CENSORSHIP: Marvel Comics/Disney Is Doubling Down on Its Misguided Crusade to Remain ‘Apolitical,’ and It’s Using Captain America to Do It

August 27, 2019

The Hollywood Reporter revealed today that early preview copies sent to retailers of the 80th-anniversary collection, Marvel Comics #1000, included an essay by Mark Waid that accompanied an image of Captain America by John Cassaday and Laura Martin. However, in the issue set to hit stands tomorrow, the essay—seen by comics retailers in issues sent out as previews—was replaced with what THR describes as a “less critical piece, also credited to Waid, that is more directly tied to Captain America, and notably less critical of the United States.”

If this suspect had been black he’d have been shot 20 times; instead, we get a Benny Hill sketch

According to media reports, the man, 18-year-old Matthew Thomas Bernard, allegedly killed the wife, son and mother-in-law of Blake Bivens, who pitches for a minor league affiliate of the Tampa Bay Rays. And when police caught up with Bernard, he was naked and running for his life.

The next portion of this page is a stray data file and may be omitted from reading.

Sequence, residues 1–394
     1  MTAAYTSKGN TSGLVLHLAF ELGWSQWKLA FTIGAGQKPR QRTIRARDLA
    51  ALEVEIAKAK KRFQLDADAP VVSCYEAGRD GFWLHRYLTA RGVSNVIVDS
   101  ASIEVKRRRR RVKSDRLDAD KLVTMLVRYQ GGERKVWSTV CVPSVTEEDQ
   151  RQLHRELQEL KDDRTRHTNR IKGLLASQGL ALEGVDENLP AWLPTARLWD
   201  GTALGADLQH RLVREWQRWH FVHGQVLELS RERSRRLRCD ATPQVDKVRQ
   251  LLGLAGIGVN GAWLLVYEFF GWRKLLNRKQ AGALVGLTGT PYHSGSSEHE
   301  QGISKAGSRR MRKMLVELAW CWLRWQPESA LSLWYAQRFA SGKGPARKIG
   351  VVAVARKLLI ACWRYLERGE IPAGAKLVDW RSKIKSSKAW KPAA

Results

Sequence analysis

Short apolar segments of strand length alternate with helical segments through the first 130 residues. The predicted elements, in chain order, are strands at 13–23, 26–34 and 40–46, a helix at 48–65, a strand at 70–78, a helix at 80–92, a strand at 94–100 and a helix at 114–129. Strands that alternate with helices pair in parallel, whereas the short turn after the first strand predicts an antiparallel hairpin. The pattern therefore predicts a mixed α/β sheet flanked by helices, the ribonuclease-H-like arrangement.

Old Navy hid black workers during ‘Queer Eye’ taping and bused in white replacements

Monae Alvarado, a Cambodian woman who works at the City Center retailer, said the store employs only people of color at that location, but they were kept out of sight while the show was recorded for an upcoming episode, reported Philadelphia Magazine.

This passage was deleted from the Declaration of Independence — here’s what it reveals about motivation for the American revolution

In particular, writer Nikole Hannah-Jones provoked controversy when she asserted:

She noted that “10 of this nation’s first 12 presidents were enslavers,” undermining claims that the country was founded as a democracy. She also pointed out that the founders were themselves actively conflicted about the contradiction of slavery persisting in a country supposedly founded on freedom. Thomas Jefferson, she said, even included a passage in a draft of the Declaration of Independence that tried to claim that the institution “wasn’t the colonists’ fault,” instead placing the blame on King George.